After successful initial operations and check-out, the first crewed mission to Zarya was given the green light. Although the Soyuz TMA variant had undergone minor upgrades and modernization, it was essentially the same reliable spaceship that had supported Mir-1 for the previous 12 years. This heritage allowed for the departure from established Soviet practice, as the new ship was manned on its first launch. However, many observers attributed this decision to a general shortage of funds rather than confidence in the equipment.

The Soyuz EO-1 mission had two primary objectives. The first was to complete the on-orbit check-out of the Победа Base Block and prepare for upcoming assembly missions. The second was to prove the new Soyuz variant. In order to achieve these objectives, the space that would normally accommodate a third cosmonaut was filled with 70 kg of equipment and experiments that had not been ready for installation before Zarya's final preparations. 

In addition to proving the new Soyuz variant, the mission also marked the final crewed flight of the Soyuz R7 Rocket. All future missions were to be launched on the Zenit-C, a now-proven crewed variant of the Zenit launcher. Zenit had proven its reliability by launching Progress M2 cargo ships to orbit and MIR during its final years.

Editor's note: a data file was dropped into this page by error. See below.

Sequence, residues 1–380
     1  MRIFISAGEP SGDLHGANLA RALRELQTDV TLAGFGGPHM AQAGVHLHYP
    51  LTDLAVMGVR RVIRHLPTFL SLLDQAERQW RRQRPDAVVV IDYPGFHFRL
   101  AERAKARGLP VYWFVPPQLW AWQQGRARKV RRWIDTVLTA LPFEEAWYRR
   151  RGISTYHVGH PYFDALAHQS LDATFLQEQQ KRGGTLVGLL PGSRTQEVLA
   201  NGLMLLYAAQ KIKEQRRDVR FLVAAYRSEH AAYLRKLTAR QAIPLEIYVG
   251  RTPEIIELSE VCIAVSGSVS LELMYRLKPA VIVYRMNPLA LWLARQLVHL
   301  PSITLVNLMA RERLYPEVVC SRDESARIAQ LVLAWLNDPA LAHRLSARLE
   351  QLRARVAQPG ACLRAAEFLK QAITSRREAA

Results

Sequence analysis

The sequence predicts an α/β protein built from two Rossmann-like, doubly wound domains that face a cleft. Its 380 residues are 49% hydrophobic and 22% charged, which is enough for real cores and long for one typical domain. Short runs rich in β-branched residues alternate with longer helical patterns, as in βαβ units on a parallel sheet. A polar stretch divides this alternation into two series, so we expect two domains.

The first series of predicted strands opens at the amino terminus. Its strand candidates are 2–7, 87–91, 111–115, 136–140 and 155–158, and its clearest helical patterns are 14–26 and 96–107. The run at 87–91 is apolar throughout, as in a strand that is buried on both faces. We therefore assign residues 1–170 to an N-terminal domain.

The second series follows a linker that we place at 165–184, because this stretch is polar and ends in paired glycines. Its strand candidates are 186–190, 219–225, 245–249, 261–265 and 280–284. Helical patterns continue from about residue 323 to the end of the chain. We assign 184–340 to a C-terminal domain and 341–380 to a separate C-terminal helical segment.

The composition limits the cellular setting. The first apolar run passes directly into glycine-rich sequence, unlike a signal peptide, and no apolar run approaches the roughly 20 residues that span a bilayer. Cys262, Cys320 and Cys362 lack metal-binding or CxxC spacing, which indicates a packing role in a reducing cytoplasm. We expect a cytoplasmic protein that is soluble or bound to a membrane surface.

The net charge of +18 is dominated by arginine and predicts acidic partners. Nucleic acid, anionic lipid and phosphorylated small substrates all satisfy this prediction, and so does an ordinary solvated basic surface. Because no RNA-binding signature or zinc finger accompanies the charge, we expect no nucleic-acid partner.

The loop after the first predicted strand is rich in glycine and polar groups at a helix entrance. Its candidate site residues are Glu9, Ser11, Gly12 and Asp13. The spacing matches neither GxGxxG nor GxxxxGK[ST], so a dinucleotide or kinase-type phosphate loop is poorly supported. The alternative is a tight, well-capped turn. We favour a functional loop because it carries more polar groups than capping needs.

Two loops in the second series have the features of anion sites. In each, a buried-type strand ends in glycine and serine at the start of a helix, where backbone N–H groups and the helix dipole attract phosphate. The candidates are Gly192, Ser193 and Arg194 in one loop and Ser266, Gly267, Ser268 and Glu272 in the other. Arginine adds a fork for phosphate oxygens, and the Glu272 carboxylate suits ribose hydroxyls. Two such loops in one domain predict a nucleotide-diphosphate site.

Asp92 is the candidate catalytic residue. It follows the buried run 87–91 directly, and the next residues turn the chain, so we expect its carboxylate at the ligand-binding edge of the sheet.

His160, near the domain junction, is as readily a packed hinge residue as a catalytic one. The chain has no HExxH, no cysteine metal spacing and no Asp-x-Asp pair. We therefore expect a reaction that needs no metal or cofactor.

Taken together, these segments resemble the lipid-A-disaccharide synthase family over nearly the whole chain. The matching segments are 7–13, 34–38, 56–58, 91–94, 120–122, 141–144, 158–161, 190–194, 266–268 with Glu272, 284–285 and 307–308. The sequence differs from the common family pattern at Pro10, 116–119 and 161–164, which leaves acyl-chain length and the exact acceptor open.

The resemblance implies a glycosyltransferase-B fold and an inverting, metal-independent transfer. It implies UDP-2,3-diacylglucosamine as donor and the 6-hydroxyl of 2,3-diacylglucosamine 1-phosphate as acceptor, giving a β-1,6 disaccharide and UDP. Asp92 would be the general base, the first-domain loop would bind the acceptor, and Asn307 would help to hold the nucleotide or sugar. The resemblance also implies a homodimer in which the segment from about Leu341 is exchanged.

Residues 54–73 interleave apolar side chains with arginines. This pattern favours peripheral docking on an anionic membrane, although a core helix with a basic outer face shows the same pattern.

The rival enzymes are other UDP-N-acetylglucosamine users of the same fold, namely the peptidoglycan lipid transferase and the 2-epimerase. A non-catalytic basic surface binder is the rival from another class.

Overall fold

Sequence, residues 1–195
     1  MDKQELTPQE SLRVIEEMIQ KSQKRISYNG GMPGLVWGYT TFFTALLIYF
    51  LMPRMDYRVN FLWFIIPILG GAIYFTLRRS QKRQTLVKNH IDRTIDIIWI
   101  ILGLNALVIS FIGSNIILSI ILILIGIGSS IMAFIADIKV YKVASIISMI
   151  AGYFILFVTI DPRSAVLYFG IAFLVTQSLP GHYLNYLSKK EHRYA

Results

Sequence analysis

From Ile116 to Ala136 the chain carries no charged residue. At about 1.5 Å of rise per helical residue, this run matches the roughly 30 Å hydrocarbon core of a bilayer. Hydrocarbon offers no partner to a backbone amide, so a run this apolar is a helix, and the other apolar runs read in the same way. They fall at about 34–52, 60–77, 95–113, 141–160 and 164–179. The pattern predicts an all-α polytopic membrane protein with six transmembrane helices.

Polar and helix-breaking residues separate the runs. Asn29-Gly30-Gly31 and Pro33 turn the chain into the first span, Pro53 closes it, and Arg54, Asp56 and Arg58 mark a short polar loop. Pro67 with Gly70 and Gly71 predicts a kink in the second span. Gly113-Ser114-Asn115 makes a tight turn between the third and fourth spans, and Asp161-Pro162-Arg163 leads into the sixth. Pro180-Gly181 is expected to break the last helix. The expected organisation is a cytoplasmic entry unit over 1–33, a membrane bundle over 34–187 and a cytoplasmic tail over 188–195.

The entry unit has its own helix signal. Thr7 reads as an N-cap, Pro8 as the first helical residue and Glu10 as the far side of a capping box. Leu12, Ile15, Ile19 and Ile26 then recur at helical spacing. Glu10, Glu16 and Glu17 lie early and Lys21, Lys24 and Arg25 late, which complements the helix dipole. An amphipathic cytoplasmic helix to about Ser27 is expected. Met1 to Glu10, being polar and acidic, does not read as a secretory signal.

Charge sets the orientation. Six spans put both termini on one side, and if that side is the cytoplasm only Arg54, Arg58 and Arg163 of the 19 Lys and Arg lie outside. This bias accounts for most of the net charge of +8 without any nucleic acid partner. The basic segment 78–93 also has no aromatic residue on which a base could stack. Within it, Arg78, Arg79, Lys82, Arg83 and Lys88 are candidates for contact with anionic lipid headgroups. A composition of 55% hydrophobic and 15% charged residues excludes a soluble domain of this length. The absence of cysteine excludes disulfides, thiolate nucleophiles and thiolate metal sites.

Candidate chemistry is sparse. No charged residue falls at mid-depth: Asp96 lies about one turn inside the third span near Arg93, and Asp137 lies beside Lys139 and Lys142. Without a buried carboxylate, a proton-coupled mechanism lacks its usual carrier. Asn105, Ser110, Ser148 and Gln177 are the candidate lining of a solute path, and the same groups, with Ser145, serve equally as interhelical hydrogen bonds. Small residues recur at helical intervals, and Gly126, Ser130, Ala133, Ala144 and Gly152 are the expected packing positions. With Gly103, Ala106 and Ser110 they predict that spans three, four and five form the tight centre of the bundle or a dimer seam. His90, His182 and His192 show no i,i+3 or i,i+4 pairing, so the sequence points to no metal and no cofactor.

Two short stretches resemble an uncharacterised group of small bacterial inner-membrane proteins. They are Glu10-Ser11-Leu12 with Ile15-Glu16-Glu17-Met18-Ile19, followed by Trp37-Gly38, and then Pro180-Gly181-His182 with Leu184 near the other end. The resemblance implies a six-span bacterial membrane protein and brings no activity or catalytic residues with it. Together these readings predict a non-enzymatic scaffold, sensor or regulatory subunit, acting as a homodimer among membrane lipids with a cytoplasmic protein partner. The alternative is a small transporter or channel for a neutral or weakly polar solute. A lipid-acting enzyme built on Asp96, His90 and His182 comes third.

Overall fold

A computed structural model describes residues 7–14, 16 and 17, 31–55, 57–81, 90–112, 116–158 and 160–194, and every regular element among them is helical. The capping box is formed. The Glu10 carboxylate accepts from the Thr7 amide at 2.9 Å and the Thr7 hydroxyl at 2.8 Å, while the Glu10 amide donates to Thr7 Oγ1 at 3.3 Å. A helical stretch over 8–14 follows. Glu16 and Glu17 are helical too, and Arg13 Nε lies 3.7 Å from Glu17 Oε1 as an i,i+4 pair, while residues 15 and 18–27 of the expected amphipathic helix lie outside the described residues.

Commander: Talgat Musabayev

Flight engineer: Gennady Padalka



Soyuz sits on the pad awaiting launch



"Crew tower retraction, Launch Abort System armed"



"and liftoff of the final Soyuz rocket, 30 years of service has concluded"






"Successful separation of EO-1"



Rendezvousing with Zarya




Approaching the forward node



With EO-1 successfully docked, the crew begin to transfer the equipment and prepare for their gruelling expedition

Edited by DG1
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Progress M2-SO1, 23rd December 1998



Supplies, lots of supplies: